For pretty much all of the 30+ years that I’ve been in business, I have employed the power of collaboration.
Before I did what I do now, I ran an engineering business based in Kent. It was my family business, I was the fourth generation of my family to work in it, and I started there when I was I was just 19 years old. Now, many of the other people that worked there had literally seen me born and grow up - some of them had even baby sat me over the years – so, although I did have some automatic authority which came with being the son of the owner, I figured that just trying to put that to work in my new job might not get me very far.
I’d spent quite a bit of time hanging out around the business as I was growing up, and fortunately I’d worked out that the vast majority of the people working there knew a great deal more than I did about how to make it work and, perhaps more importantly, how to make it not work. As a consequence, I recognised that If I started trying to manage them with some kind of autocratic “I’m the boss’s son, do what I say” kind of attitude, they were likely to find a way to give a clear demonstration of my shortcomings, and make my life really difficult! Of course, it did help that I knew these people well, and also liked them, so I needed to find some other form of management approach.
The approach I adopted instead of going around telling everyone what to do (I didn’t know anyway), was to try to get the best out of them - to tap into their skills, knowledge and abilities, and to help them make the best of themselves, for our mutual benefit.
To some this may sound like a really obvious thing to do, but I can assure you that over the years I’ve observed enough managers, at all levels and in all sizes of business, to know that vast numbers simply don’t do it! They direct and demand rather than employing the gentle art of persuasion.
One definition of persuasion that I really like is “getting others to want to do, what you want them to do.” Essentially, this is what I was developing skill in all those years ago. It sparked a lifelong interest in how you can do that ethically and effectively, and grew beyond the day-to-day management of my family business, into a set of practices that I have used over the years, and now help others to develop and use, for building successful businesses.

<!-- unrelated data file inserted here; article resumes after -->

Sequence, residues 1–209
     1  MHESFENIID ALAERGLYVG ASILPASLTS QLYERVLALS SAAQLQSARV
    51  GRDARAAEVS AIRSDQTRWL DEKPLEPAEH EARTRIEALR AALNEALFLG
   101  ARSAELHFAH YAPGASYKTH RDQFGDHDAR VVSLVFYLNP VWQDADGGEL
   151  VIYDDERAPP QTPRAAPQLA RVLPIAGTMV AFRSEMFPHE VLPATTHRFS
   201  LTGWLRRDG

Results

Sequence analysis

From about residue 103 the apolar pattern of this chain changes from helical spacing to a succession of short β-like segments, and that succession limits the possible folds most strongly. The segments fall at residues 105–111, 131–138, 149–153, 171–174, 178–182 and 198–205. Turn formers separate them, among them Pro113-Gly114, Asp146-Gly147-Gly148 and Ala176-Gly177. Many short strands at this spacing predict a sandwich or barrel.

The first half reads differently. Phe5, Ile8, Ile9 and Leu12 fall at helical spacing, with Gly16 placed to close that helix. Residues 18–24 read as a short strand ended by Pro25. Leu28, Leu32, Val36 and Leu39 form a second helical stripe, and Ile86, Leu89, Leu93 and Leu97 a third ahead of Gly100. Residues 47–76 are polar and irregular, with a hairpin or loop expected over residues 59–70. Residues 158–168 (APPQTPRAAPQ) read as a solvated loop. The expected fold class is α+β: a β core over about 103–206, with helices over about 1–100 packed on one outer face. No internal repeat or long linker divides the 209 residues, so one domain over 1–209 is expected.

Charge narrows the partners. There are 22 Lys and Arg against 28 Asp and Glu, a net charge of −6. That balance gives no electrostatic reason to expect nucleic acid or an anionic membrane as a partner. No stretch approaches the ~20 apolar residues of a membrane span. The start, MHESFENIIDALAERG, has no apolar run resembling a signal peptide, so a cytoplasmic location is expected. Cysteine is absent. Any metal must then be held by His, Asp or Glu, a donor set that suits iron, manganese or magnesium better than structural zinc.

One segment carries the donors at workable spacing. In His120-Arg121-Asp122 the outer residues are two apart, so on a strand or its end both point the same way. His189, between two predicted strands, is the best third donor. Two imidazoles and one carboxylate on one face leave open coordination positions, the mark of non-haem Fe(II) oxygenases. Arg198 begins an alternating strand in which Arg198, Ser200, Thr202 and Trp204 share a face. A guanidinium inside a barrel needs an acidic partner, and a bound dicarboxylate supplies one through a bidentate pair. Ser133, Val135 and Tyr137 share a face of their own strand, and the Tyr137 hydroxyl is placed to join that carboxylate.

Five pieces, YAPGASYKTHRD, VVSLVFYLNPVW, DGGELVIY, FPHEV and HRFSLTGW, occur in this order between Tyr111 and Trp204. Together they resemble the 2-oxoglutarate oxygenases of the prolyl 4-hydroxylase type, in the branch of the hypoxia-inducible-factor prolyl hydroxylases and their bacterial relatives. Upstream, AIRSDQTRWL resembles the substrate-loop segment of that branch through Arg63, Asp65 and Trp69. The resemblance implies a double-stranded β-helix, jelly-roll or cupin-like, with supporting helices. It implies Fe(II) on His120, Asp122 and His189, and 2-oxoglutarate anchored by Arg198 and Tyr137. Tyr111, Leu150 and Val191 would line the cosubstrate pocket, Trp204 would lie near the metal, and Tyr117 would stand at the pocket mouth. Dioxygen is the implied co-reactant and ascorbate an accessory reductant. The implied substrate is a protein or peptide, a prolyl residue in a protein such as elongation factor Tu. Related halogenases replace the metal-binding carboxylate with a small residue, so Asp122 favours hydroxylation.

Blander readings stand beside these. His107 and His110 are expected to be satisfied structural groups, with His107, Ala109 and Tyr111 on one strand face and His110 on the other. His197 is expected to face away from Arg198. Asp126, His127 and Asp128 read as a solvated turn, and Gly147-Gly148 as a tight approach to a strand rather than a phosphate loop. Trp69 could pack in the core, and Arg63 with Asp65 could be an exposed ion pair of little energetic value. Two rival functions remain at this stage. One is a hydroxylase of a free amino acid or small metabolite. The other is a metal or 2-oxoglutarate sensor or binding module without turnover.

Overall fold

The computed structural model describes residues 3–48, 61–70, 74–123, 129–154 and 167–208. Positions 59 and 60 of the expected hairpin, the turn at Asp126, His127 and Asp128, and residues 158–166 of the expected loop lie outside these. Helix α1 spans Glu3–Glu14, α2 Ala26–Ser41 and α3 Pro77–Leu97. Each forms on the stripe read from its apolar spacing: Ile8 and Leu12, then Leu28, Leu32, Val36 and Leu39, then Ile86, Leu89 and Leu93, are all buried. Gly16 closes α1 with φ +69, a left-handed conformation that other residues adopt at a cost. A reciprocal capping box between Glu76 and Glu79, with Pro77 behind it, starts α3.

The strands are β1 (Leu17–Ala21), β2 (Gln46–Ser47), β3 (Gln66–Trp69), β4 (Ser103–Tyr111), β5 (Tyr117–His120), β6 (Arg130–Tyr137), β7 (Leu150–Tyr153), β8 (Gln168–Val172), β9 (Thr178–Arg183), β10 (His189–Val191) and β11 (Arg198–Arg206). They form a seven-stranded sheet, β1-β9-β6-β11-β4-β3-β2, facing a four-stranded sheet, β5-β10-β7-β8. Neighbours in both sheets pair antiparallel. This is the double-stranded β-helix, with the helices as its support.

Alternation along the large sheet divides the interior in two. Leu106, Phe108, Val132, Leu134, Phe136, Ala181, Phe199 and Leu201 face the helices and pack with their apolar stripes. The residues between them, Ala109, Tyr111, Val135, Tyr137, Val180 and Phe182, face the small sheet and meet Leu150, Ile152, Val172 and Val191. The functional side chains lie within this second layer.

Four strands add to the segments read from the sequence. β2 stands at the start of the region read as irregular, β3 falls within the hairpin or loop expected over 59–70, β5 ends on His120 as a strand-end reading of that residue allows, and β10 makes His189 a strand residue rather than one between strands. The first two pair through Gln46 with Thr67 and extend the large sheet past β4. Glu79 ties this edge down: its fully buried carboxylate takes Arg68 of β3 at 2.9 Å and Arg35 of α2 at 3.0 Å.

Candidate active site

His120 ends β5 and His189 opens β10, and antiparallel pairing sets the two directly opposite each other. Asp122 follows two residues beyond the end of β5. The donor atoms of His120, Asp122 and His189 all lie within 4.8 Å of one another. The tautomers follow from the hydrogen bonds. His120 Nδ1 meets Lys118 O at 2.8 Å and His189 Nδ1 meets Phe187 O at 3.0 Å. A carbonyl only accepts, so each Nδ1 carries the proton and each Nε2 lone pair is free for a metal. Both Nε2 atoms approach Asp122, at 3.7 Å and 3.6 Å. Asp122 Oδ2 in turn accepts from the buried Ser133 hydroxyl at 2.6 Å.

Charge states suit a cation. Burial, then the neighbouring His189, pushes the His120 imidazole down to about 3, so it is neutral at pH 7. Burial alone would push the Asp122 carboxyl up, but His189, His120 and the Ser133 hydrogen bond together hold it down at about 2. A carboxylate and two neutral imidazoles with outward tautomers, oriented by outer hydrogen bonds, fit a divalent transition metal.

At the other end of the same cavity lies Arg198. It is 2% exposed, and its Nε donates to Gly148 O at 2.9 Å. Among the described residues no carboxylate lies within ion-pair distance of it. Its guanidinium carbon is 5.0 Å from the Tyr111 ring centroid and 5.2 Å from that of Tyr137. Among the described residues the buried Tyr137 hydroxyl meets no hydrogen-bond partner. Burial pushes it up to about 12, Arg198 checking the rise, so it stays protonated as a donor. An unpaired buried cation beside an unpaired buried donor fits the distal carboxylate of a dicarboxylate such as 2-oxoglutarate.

The Oxford Dictionary defines Collaboration as “working jointly”. At its simplest level, this is all I am talking about – working jointly both inside (with colleagues, employees, co-workers etc.) and outside (with suppliers, customers, suppliers of complementary goods and services and even competitors) to make your business work, create opportunities for growth and success, and make your life easier!
I have been practicing this myself, and helping others practice it, for long enough to know categorically that it works.
There are huge swathes of evidence out there to demonstrate that it works. I remember attending a conference about 15 years ago where Richard Branson was speaking. The comment he made which still sticks in my mind was “There are three groups of people who are important to my business – my employees, my customers and my suppliers, and that is the order I place them in, because I know that if I look after the first group, they will look after the others.” You can only truly apply that approach in a business run on the principles of collaboration.
Branson is a master of collaboration and has built the Virgin Group though collaborating with other businesses – almost all of his most successful companies are Joint Ventures; leveraging the best aspects of Virgin and the other business(es) involved to produce something far greater than the individual parts.
In future blogs I will be saying more about the what and how of Business Collaboration, for now, though, just start to explore where you can collaborate, and I promise you will start to get bigger and better results in your business.
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